Centrists are poised to emerge as the biggest losers in the EU Elections. The center-right EPP (European People’s Party) and its center-left counterpart the Socialists and Democrats (S&D) will remain the two largest parties in the next EU Parliament, however they will no longer hold the majority. Both parties have sustained considerable losses. The EPP will have 173 seats in the new assembly, down from 216. S&D seats will drop from 185 to 147. The level of support historically held by the centrist bloc has diminished as smaller euroskeptic, and pro-EU parties have enjoyed a surge of support across the continent during this election cycle. The voting results, and projections make it clear that the EU Parliament will be even more fragmented over the next five years.
This weekend’s elections were quite different from the EU Parliament elections of the past. Turnout was over 50% and up seven percent from 2014. Supporters of the European Union, and its detractors both regarded this election as critical to the future of Europe. The biggest surprise, however, seems to be the emergence of the Pro-EU liberals and the Greens. Both parties have suddenly become crucial components to any attempts to create a stable majority.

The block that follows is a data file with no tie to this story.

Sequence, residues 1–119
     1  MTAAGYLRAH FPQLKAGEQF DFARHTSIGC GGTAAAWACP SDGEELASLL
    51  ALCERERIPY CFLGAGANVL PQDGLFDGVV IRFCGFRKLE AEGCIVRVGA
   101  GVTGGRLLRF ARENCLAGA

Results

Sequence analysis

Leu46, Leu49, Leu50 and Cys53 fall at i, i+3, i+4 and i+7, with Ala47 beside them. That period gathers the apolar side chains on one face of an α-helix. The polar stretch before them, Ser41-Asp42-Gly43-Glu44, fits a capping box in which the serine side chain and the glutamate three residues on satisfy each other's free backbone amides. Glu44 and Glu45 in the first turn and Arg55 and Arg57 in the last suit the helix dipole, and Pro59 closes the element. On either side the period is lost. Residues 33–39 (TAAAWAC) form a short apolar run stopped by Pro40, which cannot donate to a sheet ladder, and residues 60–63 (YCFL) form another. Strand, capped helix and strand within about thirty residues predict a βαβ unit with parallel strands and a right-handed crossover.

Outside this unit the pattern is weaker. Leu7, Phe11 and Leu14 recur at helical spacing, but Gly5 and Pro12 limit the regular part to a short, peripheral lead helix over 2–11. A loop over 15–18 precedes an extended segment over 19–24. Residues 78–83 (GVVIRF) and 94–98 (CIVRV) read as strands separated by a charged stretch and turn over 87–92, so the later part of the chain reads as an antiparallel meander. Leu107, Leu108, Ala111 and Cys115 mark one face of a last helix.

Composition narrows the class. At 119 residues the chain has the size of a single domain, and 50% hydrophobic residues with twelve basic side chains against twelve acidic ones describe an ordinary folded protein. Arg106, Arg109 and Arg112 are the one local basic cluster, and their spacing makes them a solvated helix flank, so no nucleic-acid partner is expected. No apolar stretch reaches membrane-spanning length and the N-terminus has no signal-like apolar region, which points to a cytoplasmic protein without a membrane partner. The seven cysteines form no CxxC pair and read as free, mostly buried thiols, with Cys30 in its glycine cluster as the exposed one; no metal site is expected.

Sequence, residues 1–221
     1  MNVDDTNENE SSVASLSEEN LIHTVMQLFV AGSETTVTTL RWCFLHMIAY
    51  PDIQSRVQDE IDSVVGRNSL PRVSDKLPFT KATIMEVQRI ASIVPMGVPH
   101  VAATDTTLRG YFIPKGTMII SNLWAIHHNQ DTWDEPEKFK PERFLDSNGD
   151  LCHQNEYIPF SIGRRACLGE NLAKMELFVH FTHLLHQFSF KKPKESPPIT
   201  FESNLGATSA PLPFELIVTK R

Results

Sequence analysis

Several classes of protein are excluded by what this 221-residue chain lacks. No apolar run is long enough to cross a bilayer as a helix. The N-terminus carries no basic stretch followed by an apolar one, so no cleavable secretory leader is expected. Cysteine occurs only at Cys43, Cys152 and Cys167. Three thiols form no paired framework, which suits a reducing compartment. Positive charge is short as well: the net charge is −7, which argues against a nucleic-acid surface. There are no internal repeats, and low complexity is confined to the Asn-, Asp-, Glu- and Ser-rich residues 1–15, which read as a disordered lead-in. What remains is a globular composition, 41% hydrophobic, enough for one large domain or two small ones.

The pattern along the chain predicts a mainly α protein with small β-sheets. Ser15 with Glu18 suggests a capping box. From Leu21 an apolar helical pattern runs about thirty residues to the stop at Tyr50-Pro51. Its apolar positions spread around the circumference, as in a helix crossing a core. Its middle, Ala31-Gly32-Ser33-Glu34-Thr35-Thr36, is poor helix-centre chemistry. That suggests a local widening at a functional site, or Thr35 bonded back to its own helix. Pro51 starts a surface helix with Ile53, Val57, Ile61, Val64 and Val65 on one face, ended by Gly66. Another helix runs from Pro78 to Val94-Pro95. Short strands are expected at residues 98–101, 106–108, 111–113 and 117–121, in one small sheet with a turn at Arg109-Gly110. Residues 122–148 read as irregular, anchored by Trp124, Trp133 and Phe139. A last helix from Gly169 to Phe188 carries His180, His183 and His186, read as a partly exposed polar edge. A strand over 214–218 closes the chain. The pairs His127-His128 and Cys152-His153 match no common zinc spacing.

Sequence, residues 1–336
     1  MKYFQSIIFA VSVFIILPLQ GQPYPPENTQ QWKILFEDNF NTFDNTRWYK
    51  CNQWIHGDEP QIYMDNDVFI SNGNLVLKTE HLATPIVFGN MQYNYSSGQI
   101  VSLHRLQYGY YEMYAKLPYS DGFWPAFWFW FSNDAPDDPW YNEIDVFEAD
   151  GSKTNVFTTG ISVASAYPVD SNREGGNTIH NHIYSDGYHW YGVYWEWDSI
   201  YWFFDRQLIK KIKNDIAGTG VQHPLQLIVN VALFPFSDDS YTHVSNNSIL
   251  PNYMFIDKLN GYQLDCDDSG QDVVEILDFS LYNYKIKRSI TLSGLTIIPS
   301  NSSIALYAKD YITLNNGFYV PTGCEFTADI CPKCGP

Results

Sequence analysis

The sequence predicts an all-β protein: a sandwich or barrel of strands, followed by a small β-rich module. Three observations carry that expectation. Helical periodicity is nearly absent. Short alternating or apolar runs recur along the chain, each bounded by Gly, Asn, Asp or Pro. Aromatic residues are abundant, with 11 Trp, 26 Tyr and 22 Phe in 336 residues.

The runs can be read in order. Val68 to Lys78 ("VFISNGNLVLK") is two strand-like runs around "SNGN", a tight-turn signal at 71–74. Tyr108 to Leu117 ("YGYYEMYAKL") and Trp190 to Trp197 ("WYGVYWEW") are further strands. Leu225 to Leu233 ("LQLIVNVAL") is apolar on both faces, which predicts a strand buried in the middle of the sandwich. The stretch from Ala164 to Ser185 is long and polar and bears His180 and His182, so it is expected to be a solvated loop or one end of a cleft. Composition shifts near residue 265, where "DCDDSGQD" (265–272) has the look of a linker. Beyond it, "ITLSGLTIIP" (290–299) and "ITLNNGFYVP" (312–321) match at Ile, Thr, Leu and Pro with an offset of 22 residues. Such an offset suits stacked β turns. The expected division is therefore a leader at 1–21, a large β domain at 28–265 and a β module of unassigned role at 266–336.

Although the far-right surge did not materialize as many right-leaning politicians were hoping, inroads were made. Whether or not this election was a referendum on the EU is immaterial, no matter how left-leaning media outlets and politicians in Europe and beyond are claiming today. The more profound takeaway from the elections is the collapse of the political mainstream, and rejection of the ruling parties across the continent. The election results are going to bring consequences to the internal political systems of many European nations. The effects are already being felt from England, to Greece. At mid-week we will look closer at the fallout this election is having for individual EU member-states, and the union as a whole.